By Jim Schutze
By Rachel Watts
By Lauren Drewes Daniels
By Anna Merlan
By Lee Escobedo
There are a lot of questions surrounding the murder of 20-year-old Rogelio Chin.
Who did it isn't one of them.
Dallas police don't know why David Paz Ramirez, a 22-year-old two-time felon from Pleasant Grove, and two buddies were speeding down Stemmons Freeway in pursuit of Chin, who was at the wheel of his blue Taurus around 3 a.m. on December 9, 1996.
Authorities aren't certain why Ramirez--leaning out of the passenger window of a friend's black pickup--squeezed off eight rounds from his 9mm pistol.
One of those slugs perforated the back of Chin's skull, traveled through his cerebellum, and lodged in the base of his brain, which ceased functioning even before his car crashed into a stone sign in front of the American Heart Association's Dallas office.
A front-seat passenger in Chin's car says Ramirez and his pals might have been trying to hijack the car, which was decked out with gold Dayton wheel rims. But police have other witnesses who suggest that Chin was shot and killed because of a drug deal gone bad.
Contrary to the brand of criminal law that's practiced on prime-time TV, prosecutors in Texas courts don't need to prove a motive. They simply must show beyond a reasonable doubt who did the killing and how deliberate he or she was. In this instance, the answers were plain.
There was an eyewitness in Chin's car who picked Ramirez out of a photo lineup, then fingered him from the witness stand as the man who hung out the window and fired the shots. A second witness spotted Ramirez in that distinctive black truck just minutes earlier that night, and saw him tuck a pistol into his pants.
Even more damning, Ramirez's girlfriend, who told police he whacked her over the head with an iron the day after the shooting, revealed to a Dallas homicide detective that Ramirez had confessed to her about the shooting. Her retelling of his account contained details that could have been known only by someone who was there.
Despite all the evidence--which the lawyers breezed through in just over a day in September--this somehow turned out to be anything but a slam-dunk prosecution.
By the end of about seven hours of jury deliberations, 11 jurors had found their way to declaring Ramirez guilty. But a 36-year-old woman, the only Hispanic on a jury that contained two African-Americans and nine Anglos, saw nothing but ambiguities. "She told us she grew up in Oak Cliff, and these guys get picked up all the time and accused of things they didn't do," recalls one juror, a 49-year-old North Dallas businessman. "She wasn't convinced of anything. She wouldn't concede that anything was clear."
After two days of deliberation, the jury's steadfast hold-out prompted state District Judge John Creuzot to declare a mistrial.
Late last month, a second trial was held at considerable expense--the court-appointed defense alone cost taxpayers an additional $5,600--and jurors took little time in finding Ramirez guilty of murder. "It was so cut and dried, we were very surprised to hear it had gone to a jury before," recalls Linda Stevens, a 30-year-old accountant who was the jury foreman in the second trial. "There wasn't any doubt about who shot that poor kid. The evidence was overwhelming."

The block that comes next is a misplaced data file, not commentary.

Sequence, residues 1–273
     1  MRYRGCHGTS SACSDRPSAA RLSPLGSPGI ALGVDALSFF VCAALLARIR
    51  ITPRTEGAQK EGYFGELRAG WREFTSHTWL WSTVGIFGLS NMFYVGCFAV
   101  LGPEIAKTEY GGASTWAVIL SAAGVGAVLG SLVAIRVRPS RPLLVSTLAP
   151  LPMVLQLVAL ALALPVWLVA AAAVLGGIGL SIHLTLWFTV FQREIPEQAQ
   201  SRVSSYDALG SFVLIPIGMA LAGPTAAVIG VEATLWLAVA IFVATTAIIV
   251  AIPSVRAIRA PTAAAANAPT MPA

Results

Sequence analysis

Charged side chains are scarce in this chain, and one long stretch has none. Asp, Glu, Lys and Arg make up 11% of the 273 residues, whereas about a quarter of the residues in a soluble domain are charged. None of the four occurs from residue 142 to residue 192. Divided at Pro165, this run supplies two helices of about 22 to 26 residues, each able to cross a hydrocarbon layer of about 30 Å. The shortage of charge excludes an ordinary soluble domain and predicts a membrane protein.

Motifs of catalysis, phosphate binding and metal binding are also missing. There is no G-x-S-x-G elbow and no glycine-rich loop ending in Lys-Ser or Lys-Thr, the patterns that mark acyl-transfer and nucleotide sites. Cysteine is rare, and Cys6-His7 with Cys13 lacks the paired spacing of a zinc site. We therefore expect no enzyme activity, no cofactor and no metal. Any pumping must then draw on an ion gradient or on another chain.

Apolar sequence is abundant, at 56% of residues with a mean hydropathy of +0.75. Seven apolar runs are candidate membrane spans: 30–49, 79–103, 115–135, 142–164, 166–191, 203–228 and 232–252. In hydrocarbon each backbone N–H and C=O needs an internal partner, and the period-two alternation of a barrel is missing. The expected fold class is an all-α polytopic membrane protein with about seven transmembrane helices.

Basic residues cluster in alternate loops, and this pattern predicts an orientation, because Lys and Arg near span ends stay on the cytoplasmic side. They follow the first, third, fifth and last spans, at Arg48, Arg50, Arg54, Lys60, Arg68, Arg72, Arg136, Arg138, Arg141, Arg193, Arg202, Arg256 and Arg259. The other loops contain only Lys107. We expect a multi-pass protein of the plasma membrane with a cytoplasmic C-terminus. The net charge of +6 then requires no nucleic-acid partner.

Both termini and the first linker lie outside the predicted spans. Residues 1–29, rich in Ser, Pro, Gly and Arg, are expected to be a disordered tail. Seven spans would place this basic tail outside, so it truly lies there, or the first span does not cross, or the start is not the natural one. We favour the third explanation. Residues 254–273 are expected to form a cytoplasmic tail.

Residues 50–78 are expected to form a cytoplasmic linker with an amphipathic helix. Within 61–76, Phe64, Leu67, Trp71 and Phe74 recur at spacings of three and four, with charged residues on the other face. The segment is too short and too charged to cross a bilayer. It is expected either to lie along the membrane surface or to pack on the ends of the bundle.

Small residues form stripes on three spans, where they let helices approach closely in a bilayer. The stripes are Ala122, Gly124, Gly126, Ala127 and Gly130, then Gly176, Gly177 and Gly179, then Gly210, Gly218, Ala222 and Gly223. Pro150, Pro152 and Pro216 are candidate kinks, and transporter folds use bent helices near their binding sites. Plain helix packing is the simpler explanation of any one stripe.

Hung jury cases such as this have multiplied in Dallas over the past several years.
In 1988, only 3 percent of the 596 felony criminal cases tried in Dallas County resulted in hung juries, county records show. In 1995 and 1996, this figure was approaching 10 percent.
In 1995, the year the O.J. Simpson murder case brought trans-racial divisions in the criminal justice system into sharp relief, 65 of the 690 felony trials in state courts in Dallas resulted in hung juries.
"The 11-to-ones, 10-to-twos, nine-to-threes, those generally have racial overtones," says Dallas defense attorney Tim Banner. "I don't think it does anyone a service, but these things do happen."
Says Norm Kinne, first assistant district attorney, "My opinion is, it happens sometimes. Some juries do hang along racial lines. People do lie their way onto juries. It happens more than it used to, but I have no way of knowing which ones hang because of that, and which ones hang because of reasonable doubts based on the evidence. If they hang for those reasons, fine."
For the most part, minority jurors in Dallas are as likely to convict or not convict as Anglos, judges and attorneys agree. The jury that ended up convicting Ramirez in his second trial included two Hispanics, an African-American, and a man of Asian descent. But some Dallas prosecutors and attorneys--and academics who've studied jury behavior in Washington, D.C., and Los Angeles--say there is a small set of minority jurors who hold out because of poor experiences with the police, or religious beliefs, or the feeling that they don't want to be one to send another black or Hispanic man to jail.
"There clearly is a phenomenon going on, although it's difficult to get beyond anecdotal evidence," says Jeffrey Rosen, who teaches at George Washington University Law School in Washington, D.C., and has studied juror hold-outs in that city's courts. "People just don't tell you they had unreasonable doubts based on racial differences. Accounts of what went on during deliberations are all one can go on."